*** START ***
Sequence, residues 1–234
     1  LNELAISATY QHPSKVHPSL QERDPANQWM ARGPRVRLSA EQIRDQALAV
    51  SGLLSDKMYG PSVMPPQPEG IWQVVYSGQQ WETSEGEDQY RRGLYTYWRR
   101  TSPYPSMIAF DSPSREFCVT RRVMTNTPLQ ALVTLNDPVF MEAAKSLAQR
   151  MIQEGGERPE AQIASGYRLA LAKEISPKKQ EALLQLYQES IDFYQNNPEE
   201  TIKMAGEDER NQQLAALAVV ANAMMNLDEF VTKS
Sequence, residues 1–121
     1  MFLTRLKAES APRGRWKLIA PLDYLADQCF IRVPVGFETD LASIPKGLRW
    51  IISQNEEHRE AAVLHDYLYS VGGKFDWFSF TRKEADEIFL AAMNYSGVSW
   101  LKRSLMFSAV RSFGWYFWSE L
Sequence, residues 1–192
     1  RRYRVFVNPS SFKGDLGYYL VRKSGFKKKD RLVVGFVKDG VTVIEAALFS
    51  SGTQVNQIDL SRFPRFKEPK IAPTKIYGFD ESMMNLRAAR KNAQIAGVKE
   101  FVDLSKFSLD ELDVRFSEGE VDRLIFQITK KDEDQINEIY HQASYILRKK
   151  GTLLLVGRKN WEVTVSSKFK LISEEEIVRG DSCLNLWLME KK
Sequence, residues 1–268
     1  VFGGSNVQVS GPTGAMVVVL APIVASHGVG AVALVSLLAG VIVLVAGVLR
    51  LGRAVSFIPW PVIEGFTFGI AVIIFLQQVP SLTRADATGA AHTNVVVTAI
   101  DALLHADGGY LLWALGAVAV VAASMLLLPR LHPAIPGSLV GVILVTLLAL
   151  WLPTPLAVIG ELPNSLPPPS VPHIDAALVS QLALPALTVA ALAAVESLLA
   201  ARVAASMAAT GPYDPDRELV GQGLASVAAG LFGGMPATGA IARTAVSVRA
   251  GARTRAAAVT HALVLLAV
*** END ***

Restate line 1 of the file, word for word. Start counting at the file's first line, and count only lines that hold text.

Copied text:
Sequence, residues 1–234